I’ve also been doing music journalism since 1996 when I started my first zine, a heavy metal – now they call it hair metal – zine called ANT, The Only Cool Magazine that Bites, which I interviewed lots of heavy hitters for. Bruce Dickinson of Iron Maiden, Geezer Butler of Black Sabbath and Nikki Sixx of Motley Crue are just a few examples. Professional journalists from magazines like Metal Edge and Hit Parader were impressed and soon I was writing for LiveWire, a full color rock magazine distributed all over the The UK, Canada and here in the States. This lead to writing for a few other magazines, but they’ve all gone out of business over the years. I could probably get a gig writing for some other magazine or a popular website, but I find it easier to just interview people for my own music and pop culture site, Love is Pop, which also gives me the opportunity to interview people other than musicians, like authors and record store owners, for example.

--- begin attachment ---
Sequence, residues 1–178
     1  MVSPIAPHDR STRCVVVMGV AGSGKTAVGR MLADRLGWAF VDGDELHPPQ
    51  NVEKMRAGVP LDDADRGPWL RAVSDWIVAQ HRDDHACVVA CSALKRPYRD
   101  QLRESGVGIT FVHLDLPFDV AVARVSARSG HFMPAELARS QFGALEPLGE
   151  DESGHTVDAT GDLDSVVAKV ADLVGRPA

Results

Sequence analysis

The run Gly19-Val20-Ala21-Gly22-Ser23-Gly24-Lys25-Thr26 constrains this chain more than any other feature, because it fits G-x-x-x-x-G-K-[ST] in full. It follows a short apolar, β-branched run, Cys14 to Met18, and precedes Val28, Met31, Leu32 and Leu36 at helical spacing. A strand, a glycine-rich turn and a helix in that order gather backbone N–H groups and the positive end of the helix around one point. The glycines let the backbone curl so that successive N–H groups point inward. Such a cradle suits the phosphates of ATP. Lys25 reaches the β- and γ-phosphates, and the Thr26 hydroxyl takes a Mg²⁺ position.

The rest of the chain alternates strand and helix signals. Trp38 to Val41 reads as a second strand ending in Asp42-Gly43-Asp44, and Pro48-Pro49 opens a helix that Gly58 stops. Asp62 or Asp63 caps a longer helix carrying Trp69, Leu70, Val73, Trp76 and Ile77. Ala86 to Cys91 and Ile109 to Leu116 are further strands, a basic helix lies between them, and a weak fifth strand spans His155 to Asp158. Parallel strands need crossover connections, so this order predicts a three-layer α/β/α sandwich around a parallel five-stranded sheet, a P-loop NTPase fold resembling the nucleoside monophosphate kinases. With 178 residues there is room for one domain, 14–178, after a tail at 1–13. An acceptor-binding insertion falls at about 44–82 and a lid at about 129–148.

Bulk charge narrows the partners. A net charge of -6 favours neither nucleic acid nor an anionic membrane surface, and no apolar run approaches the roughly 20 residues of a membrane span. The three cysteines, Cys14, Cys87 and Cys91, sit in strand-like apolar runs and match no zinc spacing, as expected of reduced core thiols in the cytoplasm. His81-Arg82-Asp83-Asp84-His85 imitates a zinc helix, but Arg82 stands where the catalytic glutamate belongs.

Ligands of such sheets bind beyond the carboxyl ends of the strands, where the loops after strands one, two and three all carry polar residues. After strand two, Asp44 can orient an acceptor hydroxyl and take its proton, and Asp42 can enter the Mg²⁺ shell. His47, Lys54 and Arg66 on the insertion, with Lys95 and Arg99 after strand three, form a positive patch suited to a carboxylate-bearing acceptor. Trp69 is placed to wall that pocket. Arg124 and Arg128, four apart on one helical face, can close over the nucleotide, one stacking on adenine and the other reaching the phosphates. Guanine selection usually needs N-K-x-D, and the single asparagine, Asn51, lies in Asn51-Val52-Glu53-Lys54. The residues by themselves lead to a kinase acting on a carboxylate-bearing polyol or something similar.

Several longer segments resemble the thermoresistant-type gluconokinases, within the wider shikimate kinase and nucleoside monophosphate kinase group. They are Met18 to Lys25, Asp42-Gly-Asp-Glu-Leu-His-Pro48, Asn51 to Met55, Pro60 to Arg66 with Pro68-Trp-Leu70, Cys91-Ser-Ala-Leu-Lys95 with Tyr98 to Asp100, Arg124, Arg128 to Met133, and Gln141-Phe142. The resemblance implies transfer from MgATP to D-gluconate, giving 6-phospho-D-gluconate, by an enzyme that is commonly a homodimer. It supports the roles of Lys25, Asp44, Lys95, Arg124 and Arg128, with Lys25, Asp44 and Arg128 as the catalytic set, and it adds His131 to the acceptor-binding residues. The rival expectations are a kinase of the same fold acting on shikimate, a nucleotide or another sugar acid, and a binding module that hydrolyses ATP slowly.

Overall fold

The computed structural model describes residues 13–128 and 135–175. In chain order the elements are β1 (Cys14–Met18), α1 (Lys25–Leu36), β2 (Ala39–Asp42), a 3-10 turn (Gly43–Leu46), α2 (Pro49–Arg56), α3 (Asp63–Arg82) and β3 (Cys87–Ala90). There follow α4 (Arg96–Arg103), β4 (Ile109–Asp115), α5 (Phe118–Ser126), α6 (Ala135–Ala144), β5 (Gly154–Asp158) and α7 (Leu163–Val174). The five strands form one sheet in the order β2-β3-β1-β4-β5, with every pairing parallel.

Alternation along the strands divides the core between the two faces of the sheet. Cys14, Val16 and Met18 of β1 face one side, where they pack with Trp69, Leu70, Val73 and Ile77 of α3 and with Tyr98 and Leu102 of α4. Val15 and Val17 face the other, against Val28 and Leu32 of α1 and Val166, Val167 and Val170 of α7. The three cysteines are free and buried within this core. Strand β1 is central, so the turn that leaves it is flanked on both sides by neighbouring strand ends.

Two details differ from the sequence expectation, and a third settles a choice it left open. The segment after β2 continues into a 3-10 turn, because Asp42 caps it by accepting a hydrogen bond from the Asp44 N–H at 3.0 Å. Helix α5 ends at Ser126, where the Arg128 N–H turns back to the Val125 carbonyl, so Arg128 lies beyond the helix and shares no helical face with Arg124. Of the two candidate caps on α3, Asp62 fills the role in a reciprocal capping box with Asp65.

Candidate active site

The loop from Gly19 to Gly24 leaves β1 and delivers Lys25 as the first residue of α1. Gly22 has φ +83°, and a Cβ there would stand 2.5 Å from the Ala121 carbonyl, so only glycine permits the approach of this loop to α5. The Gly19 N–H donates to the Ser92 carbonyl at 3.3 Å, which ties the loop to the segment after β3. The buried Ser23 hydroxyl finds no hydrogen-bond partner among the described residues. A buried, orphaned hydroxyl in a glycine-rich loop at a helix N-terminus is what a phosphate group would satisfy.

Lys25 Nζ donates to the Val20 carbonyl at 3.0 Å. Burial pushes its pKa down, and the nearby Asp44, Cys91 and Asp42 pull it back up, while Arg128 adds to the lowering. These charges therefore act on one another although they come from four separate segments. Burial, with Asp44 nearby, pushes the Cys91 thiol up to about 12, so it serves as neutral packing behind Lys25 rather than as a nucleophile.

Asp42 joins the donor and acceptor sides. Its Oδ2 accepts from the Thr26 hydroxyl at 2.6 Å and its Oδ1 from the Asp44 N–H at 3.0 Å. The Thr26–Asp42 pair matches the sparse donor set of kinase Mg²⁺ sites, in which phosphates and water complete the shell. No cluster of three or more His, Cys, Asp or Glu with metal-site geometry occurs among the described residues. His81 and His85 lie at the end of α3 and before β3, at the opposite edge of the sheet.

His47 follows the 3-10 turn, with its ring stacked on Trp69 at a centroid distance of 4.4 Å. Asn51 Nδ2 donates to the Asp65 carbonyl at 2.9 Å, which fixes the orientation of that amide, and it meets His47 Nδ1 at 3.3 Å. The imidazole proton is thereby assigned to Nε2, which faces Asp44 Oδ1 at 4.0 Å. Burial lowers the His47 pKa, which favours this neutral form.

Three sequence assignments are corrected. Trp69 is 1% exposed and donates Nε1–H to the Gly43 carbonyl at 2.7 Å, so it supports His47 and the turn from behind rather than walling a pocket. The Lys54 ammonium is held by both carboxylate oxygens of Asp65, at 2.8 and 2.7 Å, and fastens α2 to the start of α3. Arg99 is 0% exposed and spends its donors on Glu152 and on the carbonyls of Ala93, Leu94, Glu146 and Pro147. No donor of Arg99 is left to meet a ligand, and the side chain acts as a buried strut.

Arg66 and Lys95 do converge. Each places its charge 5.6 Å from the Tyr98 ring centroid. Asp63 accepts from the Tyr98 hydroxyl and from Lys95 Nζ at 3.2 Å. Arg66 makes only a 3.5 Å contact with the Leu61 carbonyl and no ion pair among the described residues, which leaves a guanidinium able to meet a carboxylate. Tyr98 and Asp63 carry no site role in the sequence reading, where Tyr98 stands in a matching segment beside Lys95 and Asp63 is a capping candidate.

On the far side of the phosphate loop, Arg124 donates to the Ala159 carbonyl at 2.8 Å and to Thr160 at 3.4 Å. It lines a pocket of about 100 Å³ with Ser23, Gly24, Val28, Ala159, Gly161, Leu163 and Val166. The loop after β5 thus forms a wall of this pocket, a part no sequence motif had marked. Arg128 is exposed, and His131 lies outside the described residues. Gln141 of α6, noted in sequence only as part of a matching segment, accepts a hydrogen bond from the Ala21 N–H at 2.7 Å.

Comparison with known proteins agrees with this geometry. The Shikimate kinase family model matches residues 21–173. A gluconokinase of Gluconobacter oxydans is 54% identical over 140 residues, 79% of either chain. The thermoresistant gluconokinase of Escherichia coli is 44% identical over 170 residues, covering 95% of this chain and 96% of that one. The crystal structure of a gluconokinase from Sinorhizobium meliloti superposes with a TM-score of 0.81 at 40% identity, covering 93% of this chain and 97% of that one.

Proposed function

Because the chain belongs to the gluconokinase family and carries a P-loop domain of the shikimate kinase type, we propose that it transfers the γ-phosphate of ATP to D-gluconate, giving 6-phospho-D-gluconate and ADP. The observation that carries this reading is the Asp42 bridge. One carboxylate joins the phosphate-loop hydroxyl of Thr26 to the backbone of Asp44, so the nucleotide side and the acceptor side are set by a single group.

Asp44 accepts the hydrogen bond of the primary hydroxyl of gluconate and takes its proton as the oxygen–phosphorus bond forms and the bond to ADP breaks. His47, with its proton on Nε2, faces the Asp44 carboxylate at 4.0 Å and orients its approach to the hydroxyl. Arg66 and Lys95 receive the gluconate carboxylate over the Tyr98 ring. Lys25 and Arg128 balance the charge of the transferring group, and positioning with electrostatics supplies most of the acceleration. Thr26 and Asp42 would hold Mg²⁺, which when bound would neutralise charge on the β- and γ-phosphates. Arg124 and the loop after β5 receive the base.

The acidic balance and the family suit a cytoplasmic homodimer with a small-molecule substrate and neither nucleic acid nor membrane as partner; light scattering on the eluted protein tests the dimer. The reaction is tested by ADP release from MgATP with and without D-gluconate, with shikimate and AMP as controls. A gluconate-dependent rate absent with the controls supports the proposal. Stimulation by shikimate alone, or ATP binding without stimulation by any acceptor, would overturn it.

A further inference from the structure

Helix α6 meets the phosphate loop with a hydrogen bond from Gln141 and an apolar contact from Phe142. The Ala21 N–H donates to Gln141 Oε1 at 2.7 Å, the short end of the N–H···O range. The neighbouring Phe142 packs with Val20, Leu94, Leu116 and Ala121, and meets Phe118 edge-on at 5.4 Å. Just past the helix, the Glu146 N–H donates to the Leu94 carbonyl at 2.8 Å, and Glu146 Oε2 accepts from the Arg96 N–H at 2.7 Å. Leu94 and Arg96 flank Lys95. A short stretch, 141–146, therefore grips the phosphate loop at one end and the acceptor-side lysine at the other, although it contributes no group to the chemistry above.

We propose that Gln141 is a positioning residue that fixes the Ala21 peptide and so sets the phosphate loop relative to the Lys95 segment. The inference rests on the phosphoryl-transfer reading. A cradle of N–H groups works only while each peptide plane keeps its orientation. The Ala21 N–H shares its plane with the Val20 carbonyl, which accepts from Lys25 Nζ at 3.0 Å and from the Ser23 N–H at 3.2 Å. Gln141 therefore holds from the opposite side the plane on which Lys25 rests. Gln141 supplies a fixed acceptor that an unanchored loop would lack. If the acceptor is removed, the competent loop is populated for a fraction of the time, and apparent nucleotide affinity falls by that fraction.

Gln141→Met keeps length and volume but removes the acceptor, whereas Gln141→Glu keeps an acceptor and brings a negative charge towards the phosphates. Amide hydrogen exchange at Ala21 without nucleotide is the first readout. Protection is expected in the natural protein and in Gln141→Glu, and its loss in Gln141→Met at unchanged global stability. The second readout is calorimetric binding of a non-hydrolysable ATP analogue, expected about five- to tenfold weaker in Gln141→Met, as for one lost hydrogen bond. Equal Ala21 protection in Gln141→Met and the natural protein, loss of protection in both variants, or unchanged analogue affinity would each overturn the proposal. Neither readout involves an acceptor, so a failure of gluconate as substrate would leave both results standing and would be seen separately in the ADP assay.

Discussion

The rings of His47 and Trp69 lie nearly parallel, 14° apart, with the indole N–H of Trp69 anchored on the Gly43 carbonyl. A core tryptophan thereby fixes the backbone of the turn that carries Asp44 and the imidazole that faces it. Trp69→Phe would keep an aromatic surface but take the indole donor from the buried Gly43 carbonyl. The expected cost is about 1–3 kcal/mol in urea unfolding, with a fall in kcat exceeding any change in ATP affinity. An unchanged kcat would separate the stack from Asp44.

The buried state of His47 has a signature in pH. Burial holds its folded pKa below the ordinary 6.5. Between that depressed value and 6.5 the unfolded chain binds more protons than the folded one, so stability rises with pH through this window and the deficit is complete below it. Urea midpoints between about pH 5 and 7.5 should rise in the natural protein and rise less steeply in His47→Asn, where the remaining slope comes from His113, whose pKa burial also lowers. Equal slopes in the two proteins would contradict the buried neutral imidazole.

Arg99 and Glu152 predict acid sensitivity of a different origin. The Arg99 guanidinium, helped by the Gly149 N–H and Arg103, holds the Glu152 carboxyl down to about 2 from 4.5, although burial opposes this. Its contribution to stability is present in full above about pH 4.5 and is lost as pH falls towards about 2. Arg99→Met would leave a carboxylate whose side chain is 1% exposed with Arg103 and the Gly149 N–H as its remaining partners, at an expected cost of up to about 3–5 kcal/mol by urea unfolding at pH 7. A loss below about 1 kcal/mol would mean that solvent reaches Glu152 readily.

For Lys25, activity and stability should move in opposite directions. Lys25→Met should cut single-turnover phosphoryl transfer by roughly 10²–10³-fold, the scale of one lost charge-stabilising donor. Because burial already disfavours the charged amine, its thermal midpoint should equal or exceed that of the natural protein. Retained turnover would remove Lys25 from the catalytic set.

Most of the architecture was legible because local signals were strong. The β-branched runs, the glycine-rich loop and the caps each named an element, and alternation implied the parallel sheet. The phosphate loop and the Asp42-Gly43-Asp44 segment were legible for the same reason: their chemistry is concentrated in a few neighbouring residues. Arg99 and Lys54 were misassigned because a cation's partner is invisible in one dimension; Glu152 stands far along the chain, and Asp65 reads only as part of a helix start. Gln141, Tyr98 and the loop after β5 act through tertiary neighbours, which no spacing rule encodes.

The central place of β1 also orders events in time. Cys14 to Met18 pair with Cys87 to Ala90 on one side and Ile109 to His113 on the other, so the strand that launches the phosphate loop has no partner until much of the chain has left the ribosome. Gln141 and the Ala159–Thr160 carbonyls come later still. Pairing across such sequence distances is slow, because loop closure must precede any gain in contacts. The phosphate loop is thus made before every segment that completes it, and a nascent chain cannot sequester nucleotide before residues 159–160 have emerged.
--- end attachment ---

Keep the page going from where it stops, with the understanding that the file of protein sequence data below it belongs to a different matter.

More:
AWRW: Wow. That’s an impressive background. What’s next for you as a writer? What are you working on now? Can you tell us a little about your current WIP and your expected publication date?
MB: Now that I believe I’ve finalized the cover, I am planning to make Book of Shadows: Volume 2: Rising available for pre-order on Amazon soon. I’m going to put this one in Kindle Unlimited since 99 percent of my books that have been downloaded from e-book retailers have been from Amazon. I’m probably going to release it on my birthday, 8/10, just to amuse myself. I also have Book of Shadows 3: Hunting all written, but it still needs to be edited. Currently, I’m working on Book of Shadows 4, but it’s still in its very early stages.